Advanced Fracture Repair

At Advanced Veterinary Care we offer a variety of options to try to give your pet the best chance of healing correctly, quickly, and cost-effectively. Regardless of the treatment the patient receives, keeping the patient quiet and reserved for a minimum of 6 weeks is recommended. Dr. Britton Bradberry tailors a post-operative plan for each patient to ensure the best chances of successful healing. If your pet is in need of fracture repair, remember the "advanced" in our name! 

Fracture Repair

Splinting/Casting

Although splinting and casting have their place in veterinary medicine, some fractures require a more advanced surgical approach. Casting can be applied successfully with an oblique fracture in a distal limb. Casting or splinting is never recommended in a femur or humerus fracture, because the joints above and below the fracture must be stabilized in order to have proper healing.

Pins and wires

Intramedullary Pins and wires are used commonly in veterinary medicine with decent success. A pin is placed in the bone to serve as an internal splint and wires hold the fracture together. Appropriately sized pins are needed when using this technique. Pins that are too small lead to not enough stabilization and ultimately failure to heal. Too large of a pin may stabilize the fracture, but can interfere with blood supply and ultimately lead to failure to heal.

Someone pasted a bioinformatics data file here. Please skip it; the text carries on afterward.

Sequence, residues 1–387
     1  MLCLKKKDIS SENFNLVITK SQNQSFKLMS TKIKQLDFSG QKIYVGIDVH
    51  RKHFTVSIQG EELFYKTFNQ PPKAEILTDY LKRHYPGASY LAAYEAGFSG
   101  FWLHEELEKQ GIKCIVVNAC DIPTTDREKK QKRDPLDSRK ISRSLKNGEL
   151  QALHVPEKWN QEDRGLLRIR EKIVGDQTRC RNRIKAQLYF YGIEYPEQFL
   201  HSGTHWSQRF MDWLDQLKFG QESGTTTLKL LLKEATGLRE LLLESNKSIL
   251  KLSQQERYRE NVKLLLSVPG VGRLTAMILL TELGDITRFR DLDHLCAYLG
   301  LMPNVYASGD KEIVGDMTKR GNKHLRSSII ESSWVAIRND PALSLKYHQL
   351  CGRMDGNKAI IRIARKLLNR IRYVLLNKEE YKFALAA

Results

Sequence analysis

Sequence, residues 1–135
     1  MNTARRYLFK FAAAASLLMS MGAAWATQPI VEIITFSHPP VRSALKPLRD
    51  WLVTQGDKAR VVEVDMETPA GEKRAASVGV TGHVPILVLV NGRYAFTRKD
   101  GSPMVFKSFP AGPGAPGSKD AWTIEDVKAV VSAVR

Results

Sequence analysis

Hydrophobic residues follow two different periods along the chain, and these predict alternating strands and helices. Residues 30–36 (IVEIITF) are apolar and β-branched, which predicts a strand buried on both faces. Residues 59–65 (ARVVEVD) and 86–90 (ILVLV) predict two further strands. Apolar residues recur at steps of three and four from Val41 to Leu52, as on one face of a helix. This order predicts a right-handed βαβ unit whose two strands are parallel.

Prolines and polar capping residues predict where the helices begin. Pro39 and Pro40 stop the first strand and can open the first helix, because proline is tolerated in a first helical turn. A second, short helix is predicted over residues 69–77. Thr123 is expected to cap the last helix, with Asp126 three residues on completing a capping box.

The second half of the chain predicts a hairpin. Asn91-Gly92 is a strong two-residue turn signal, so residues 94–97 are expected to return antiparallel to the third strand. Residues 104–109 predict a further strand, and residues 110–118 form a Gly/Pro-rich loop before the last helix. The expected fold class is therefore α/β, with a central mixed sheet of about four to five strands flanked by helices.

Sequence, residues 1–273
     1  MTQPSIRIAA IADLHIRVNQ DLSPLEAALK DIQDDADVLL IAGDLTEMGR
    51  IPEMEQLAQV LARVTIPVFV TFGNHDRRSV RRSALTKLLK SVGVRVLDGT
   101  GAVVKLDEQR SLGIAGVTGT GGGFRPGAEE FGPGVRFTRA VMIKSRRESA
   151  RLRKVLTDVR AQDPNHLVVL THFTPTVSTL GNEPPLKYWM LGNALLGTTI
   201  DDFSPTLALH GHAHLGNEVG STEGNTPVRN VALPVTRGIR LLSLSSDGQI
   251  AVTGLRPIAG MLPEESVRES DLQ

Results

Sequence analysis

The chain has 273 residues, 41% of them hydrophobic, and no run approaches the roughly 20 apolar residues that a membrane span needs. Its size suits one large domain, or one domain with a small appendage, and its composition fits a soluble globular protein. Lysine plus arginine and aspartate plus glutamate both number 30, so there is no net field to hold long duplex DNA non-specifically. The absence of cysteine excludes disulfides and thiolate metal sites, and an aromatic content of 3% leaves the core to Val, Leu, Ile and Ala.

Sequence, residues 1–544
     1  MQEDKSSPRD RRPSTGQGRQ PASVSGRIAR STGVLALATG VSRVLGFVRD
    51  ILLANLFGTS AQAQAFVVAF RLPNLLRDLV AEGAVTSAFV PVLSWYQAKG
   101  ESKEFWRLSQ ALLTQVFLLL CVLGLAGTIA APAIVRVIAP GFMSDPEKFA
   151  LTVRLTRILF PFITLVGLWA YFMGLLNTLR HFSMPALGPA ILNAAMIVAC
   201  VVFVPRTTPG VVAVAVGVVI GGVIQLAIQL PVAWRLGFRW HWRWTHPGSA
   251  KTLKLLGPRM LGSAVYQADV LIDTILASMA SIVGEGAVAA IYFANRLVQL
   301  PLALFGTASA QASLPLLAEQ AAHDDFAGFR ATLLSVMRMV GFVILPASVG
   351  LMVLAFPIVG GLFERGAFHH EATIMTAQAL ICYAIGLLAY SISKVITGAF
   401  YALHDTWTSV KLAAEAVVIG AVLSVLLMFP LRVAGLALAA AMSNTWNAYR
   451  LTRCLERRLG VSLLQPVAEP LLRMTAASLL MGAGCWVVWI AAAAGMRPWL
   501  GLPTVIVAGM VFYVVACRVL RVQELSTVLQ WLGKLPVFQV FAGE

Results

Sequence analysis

Plates

Most fractures can be healed using orthopedic plates. These allow for great stabilization without interfering with blood supply. For transverse fractures they are a must. Most commonly these type of “impact” fractures are seen when small breeds or “spindly” boned dogs land hard after jumping from some height, causing a break. Advanced Veterinary Care is one of the few veterinary hospitals in southern New Mexico to safely and reliably perform this type of advanced fracture repair.

External Fixators

For severe or comminuted fractures, a plate can sometimes be used. In cases where it is not advised, a unique procedure is done using a variety of screws or fixator pins with an external splint device to allow the bone to heal. Because of the severity of these fractures and the degree of difficulty these surgeries entail, these fixation methods tend to have higher rates of complication and failure.